Windows Tip Sheet

How To Make Windows Spill the Beans

You have ways to make Windows talk, and Filever.exe is the truth serum.

I always dreaded the "tell me about yourself" question on job interviews. But in desktop and server management that's another story. I'm constantly under the Windows hood poking around to see what I can find.

Often, I'll be looking at .exe files and sometimes a .dll or two and wonder, "Where did you come from and what do you do?"

The tool that makes the files talk is Filever.exe. This handy command-line tool prints out file version information. Open a command prompt and type Filever /? to see the usage syntax.

You can use Filever.exe to examine a single file or process all files in a folder or subfolders. The tool doesn't have a logging feature, so you'll need to redirect output if you want to save it.

If you use the default output, your results file can be imported into Excel as a space-delimited file, which makes it very easy to filter and sort. Want to build an Excel database of every .exe file on your C: drive? Type this:

C:\>filever /S /E c:\ > EXELog.txt

It takes a bit of time to run, but you should be able to open the file in Excel. Add a header line and you'll have a ton of information.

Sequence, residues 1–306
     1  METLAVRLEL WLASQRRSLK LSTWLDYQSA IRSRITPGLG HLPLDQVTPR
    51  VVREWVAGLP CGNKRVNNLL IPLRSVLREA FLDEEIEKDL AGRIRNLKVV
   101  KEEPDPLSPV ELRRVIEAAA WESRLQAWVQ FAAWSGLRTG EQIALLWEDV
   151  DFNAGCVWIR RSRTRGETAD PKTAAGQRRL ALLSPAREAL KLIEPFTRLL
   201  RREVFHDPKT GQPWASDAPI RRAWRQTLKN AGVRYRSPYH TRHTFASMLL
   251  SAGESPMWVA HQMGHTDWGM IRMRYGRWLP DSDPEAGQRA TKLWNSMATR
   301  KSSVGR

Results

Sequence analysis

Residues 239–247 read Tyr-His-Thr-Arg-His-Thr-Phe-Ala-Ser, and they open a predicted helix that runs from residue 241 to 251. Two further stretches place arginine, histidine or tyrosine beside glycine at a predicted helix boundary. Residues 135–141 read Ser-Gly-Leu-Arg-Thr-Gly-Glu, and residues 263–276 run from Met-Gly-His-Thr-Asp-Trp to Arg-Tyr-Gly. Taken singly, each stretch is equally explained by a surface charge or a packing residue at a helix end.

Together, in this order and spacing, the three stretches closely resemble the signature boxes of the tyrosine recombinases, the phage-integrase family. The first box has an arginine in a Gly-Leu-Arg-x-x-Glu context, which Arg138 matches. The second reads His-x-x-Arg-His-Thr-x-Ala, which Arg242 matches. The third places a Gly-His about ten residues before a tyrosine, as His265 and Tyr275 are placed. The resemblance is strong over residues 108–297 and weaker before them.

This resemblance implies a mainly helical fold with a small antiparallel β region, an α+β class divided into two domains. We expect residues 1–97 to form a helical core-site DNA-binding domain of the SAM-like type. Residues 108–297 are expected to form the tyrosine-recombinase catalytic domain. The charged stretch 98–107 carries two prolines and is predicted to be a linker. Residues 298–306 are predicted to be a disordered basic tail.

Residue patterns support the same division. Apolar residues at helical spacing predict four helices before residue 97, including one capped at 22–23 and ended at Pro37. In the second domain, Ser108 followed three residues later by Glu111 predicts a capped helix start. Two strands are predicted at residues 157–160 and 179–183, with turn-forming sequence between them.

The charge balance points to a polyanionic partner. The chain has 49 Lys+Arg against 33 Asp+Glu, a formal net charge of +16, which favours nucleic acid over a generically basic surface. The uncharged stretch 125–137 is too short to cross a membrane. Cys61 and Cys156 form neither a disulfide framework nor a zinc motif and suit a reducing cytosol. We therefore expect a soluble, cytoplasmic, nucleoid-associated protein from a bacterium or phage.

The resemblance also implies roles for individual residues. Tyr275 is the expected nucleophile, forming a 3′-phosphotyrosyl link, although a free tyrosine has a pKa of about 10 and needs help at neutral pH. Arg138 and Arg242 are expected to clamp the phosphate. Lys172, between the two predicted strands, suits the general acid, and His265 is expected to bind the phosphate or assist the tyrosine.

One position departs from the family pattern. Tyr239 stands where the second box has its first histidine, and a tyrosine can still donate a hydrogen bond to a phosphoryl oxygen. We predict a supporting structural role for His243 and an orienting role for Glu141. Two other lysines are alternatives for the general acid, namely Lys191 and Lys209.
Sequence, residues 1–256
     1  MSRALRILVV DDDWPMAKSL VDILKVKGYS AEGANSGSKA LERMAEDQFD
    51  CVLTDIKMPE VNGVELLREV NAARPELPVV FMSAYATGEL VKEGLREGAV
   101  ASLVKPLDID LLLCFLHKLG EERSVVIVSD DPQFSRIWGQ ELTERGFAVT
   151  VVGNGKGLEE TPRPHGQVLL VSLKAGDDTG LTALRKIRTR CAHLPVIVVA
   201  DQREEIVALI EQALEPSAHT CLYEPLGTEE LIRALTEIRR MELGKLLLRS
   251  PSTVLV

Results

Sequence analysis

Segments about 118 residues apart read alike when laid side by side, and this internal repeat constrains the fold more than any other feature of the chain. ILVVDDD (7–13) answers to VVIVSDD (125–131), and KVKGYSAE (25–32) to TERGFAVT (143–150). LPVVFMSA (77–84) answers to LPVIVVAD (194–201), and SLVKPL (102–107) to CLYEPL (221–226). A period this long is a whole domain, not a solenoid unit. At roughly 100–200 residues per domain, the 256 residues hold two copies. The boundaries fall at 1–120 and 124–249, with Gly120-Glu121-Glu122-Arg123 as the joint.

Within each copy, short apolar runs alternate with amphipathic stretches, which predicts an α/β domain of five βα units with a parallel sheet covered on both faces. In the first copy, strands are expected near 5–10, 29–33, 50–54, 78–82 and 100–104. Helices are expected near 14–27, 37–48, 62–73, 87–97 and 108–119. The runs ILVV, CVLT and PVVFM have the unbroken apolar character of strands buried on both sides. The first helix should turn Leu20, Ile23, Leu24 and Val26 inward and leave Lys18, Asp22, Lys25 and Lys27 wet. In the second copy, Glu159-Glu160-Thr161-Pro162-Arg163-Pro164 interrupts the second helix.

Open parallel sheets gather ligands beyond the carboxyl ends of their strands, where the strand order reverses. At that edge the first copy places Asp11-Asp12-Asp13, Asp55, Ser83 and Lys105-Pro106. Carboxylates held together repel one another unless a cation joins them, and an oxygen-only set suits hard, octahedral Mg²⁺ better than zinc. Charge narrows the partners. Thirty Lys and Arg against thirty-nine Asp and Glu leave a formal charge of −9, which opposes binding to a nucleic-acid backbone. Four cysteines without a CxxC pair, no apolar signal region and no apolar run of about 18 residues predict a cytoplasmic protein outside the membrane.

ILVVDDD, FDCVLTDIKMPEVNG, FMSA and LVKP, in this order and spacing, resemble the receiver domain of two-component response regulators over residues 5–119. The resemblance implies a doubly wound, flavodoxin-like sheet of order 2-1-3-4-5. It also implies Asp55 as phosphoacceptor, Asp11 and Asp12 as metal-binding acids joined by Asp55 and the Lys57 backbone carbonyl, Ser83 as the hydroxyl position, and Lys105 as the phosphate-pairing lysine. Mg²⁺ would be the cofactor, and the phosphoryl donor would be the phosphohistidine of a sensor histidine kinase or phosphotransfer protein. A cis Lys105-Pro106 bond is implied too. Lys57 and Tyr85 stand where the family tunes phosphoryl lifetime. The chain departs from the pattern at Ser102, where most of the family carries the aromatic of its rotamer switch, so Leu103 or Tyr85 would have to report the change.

If you have a file you are particularly interested in, you can use the /V switch to get detailed information, including things like company name, product name and product version. The format, unfortunately, doesn't lend itself to saving to a file you could import into Excel. But you might be able to do something like this to get close (this is a single command):

C:\Windows\System32>for /f %f in ('dir *.exe /b') do @echo %f >> c:\sys32exe.txt && filever %f /v | find /i "description" >> c:\sys32exe.txt

Windows can be pretty talkative, if you know how to ask the right questions.

About the Author

Jeffery Hicks is an IT veteran with over 25 years of experience, much of it spent as an IT infrastructure consultant specializing in Microsoft server technologies with an emphasis in automation and efficiency. He is a multi-year recipient of the Microsoft MVP Award in Windows PowerShell. He works today as an independent author, trainer and consultant. Jeff has written for numerous online sites and print publications, is a contributing editor at, and a frequent speaker at technology conferences and user groups.

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